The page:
Many commentators are predicting that with Vladimir Putin’s return to the presidency in Russia, the improvement in relations between Moscow and Washington that occurred under the stewardship of U.S. President Barack Obama and Russian President Dmitry Medvedev will come to an end. Some are even forecasting a return to a more confrontational period in U.S.-Russia relations, given Putin’s history of negative comments about the United States. After all, last August, the then-Russian prime minister and now president-elect castigated Americans for “living like parasites off the global economy.” And in a pre-election essay published in Moskovskiye Novosti last month, Putin lambasted the United States for its willingness to use military force to intervene in the Arab world, questioning Washington’s “bellicose itch.” He also criticized the use of “illegal instruments” under the guise of “soft power” meant to destabilize countries, and declared that “the Americans are obsessed with the idea of ensuring absolute invulnerability for themselves.”
For its part, the Obama administration made a conscious decision beginning in 2009 to treat Medvedev as its preferred interlocutor, praising him as the man of the future, while describing Putin as a relic of the Cold War past. Indeed, Medvedev’s personal story nicely complemented the Obama narrative, creating the image of two young, “next generation” transformational political figures poised to lead their countries beyond the roadblocks their baby-boomer predecessors had been unable to circumvent. Indeed, Obama’s comment, just prior to the 2009 Moscow summit, that Putin had "one foot in the old ways of doing business and one foot in the new” was, even at the time, seen as a not particularly helpful remark. It seems even less diplomatic in hindsight, given that, starting in May, this is the man Obama will have to deal with.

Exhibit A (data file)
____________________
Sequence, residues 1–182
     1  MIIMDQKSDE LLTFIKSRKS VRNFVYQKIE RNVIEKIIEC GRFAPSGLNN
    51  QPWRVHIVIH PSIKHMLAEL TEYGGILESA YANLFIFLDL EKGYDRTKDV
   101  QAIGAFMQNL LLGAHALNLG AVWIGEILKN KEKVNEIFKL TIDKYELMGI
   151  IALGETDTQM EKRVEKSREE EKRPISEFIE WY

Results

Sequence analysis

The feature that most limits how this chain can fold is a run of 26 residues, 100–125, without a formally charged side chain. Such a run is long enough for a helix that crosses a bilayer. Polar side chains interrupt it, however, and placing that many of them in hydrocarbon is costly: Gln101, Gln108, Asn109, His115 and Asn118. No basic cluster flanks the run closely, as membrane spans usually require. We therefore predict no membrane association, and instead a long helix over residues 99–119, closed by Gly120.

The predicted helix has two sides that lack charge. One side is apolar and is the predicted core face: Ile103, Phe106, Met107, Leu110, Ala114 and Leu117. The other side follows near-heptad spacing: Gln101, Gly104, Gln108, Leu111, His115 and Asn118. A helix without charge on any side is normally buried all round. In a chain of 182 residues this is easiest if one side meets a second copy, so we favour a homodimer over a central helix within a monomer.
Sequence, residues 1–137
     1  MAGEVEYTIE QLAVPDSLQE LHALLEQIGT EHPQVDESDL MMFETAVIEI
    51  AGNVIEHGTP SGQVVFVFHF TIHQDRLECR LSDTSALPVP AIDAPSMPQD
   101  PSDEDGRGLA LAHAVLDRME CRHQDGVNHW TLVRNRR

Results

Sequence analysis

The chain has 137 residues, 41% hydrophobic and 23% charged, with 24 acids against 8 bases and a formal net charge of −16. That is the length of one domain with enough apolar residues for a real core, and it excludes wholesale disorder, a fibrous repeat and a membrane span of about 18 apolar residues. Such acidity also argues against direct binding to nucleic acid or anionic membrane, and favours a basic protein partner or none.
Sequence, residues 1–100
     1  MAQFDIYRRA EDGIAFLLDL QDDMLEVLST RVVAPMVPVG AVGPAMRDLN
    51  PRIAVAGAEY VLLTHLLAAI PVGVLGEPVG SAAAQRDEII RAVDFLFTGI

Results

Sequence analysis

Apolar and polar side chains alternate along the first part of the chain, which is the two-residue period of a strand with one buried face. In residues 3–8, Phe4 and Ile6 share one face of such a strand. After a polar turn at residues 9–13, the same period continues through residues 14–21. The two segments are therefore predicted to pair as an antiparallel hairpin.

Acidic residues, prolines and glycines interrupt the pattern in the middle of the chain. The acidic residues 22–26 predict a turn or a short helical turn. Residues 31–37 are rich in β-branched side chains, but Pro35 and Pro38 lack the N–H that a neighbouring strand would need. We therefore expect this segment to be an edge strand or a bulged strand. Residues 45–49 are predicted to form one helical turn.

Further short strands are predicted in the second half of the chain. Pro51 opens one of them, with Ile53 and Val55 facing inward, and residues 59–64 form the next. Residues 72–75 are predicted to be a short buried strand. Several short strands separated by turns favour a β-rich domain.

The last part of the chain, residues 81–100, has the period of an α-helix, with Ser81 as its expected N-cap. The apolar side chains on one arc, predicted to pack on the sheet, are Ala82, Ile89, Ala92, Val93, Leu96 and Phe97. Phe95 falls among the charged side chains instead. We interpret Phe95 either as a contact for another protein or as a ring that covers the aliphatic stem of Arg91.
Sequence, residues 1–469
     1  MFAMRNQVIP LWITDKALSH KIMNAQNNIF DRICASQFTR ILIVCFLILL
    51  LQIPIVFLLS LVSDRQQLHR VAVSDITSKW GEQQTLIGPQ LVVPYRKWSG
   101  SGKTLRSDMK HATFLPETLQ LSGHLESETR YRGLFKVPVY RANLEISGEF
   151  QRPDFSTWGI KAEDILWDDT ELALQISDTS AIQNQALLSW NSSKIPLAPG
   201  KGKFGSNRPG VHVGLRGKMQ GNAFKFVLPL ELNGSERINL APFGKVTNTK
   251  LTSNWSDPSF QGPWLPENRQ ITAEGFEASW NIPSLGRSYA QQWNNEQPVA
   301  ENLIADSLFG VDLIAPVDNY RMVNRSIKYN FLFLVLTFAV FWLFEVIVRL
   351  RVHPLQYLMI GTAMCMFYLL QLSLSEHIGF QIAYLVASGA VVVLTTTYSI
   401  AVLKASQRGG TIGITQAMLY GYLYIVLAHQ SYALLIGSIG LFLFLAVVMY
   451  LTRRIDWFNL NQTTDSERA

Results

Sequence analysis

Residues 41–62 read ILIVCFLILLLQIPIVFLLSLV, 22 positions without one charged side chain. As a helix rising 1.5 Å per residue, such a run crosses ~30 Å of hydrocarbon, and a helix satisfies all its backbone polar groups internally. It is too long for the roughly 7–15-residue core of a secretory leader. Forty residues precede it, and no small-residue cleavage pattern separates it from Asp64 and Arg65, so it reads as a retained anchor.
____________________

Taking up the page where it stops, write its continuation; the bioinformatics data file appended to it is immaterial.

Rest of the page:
Should Obama lose his bid for re-election in the fall, each of the prospective Republican nominees would be even less amenable to good relations with Russia. The perception of Putin as an “ex-KGB dictator” is commonplace in Republican circles, so a change of administration in Washington offers little prospects for an improved personal relationship.